An evergreen climber of very vigorous growth, the stems twining, covered with pale down when young. Leaves opposite, ovate-oblong, pointed, the base cut off squarely or broadly wedge-shaped; 2 to 4 in. long, 3⁄4 to 2 in. broad; pale green, and clothed beneath with a pale minute felt; stalk 1⁄2 to 11⁄4 in. long. Flowers fragrant, borne two to eight together on racemes about 2 in. long, produced at the joints of the stem, not in either of the leaf-axils, but at the side between the leaf-stalks (the inflorescence is terminal, becoming lateral by sympodial growth of the stem). Corolla white, swollen at the base, the tube 1⁄2 in. long, 1⁄3 in. wide; opening at the top into five spreading lobes, and there 1 to 11⁄4 in. across. Calyx with five ovate lobes 1⁄3 in. long. Fruit a large grooved pod, 5 in. long, 2 to 3 in. wide at the base, tapering slightly towards the end; each seed with a tuft of silky hairs 1 in. or more long attached at the end. Bot. Mag., t. 3201.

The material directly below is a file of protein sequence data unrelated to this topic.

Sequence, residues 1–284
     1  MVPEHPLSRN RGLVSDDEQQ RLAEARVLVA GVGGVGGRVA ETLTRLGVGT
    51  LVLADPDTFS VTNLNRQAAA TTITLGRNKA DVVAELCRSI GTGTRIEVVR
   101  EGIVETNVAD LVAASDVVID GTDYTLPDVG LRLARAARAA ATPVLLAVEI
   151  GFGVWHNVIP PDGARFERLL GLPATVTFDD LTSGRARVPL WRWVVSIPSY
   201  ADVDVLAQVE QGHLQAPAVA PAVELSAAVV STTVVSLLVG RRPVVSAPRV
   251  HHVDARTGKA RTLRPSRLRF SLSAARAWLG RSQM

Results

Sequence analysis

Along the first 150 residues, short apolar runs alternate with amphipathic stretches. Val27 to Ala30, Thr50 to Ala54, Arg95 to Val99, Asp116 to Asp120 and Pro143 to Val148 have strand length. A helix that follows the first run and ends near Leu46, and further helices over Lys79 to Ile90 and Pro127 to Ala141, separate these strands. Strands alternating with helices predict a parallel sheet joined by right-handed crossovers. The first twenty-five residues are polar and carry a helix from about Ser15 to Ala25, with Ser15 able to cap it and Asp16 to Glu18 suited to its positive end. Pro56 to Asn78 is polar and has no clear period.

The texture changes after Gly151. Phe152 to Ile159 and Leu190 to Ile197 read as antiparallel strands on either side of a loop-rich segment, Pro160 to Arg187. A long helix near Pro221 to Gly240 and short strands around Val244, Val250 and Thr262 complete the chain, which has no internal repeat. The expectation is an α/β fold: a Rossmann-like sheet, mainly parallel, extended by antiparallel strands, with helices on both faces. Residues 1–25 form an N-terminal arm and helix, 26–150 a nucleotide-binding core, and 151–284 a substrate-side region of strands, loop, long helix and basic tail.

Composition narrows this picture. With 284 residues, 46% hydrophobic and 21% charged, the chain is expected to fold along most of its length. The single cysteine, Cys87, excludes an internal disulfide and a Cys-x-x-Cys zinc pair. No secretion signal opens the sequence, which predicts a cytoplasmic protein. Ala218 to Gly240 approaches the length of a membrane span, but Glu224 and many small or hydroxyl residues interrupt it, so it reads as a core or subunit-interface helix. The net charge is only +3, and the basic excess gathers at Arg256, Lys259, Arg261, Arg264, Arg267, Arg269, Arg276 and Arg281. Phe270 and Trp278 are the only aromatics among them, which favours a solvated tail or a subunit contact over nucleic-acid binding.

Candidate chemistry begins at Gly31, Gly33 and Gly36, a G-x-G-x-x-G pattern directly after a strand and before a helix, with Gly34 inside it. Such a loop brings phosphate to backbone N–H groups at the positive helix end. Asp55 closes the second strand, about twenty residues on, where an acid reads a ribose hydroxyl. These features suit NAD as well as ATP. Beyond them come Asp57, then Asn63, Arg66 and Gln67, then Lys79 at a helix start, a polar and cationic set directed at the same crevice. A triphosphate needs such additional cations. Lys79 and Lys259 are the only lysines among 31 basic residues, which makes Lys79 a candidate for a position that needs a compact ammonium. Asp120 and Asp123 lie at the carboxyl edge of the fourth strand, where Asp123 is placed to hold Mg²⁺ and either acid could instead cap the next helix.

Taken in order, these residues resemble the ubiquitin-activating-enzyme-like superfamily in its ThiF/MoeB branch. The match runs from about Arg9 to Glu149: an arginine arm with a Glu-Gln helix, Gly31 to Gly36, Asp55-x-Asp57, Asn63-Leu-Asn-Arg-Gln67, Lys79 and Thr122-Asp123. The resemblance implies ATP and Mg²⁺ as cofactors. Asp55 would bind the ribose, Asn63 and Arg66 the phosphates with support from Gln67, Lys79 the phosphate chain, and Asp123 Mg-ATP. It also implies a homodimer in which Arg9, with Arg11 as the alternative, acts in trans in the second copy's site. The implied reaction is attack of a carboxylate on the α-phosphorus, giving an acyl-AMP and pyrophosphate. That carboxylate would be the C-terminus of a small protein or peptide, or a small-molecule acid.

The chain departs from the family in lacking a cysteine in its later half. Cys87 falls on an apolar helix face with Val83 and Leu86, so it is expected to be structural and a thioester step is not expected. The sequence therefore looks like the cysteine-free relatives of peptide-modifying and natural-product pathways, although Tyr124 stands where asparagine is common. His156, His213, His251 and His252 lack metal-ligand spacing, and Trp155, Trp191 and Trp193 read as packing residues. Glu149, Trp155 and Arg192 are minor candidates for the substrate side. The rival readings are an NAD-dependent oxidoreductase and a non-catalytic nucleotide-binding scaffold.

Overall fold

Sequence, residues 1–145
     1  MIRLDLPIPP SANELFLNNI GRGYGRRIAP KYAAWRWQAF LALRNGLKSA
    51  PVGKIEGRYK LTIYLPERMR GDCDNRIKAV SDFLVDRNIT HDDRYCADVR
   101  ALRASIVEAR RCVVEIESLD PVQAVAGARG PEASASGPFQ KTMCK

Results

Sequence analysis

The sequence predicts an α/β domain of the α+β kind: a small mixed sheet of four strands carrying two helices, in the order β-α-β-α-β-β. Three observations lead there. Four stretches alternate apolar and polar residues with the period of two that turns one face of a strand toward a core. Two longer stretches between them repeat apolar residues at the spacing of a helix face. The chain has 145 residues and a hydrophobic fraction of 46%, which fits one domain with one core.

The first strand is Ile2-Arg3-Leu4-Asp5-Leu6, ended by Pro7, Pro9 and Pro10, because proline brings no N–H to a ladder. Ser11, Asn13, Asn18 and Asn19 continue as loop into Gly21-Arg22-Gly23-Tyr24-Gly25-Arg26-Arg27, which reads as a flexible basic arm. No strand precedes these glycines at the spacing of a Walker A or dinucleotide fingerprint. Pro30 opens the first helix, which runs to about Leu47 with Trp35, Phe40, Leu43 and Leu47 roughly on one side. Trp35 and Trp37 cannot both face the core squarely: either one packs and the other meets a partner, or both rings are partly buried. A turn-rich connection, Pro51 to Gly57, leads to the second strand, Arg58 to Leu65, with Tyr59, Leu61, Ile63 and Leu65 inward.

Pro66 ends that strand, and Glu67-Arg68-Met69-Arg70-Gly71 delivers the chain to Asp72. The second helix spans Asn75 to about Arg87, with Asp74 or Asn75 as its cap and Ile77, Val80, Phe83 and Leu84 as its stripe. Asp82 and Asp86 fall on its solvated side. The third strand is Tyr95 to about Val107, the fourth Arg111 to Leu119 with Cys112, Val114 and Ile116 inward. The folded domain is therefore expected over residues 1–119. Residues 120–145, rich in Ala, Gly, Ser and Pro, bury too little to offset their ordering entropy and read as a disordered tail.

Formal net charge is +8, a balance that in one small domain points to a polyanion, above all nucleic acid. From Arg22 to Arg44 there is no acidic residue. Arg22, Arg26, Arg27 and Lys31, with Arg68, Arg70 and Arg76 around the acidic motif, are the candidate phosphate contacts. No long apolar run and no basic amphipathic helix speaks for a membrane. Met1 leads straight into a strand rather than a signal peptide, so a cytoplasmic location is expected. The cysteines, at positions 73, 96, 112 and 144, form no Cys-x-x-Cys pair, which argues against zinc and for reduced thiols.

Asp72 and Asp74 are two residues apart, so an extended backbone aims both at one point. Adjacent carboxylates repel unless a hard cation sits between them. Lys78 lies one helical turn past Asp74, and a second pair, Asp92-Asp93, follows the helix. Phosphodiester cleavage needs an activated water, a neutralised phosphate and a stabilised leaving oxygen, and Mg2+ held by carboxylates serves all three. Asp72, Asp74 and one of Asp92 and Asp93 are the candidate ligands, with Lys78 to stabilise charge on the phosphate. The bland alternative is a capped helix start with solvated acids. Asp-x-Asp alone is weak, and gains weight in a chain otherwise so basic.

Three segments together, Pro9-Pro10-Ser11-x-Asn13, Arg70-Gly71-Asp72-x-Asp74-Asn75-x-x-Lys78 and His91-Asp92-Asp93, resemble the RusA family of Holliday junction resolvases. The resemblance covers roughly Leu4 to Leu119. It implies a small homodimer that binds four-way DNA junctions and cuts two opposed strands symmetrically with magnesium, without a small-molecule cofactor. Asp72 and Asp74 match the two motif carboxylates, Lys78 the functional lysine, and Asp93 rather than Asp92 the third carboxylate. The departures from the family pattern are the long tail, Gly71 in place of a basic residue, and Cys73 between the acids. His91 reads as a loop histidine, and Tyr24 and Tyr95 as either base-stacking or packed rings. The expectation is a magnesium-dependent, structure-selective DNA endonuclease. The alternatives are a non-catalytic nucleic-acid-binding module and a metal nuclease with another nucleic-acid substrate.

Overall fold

Native of S. America; introduced by Tweedie from Buenos Aires in 1830. It is not hardy at Kew, and even against a wall does not long survive, but at Pendell Court in Surrey it used to grow and flower. Where it is warm enough, as in the Channel Islands, it flowers and produces its curious large fruits freely. It likes a good loamy soil, and can be increased by cuttings as well as by seed. Flowers in late summer.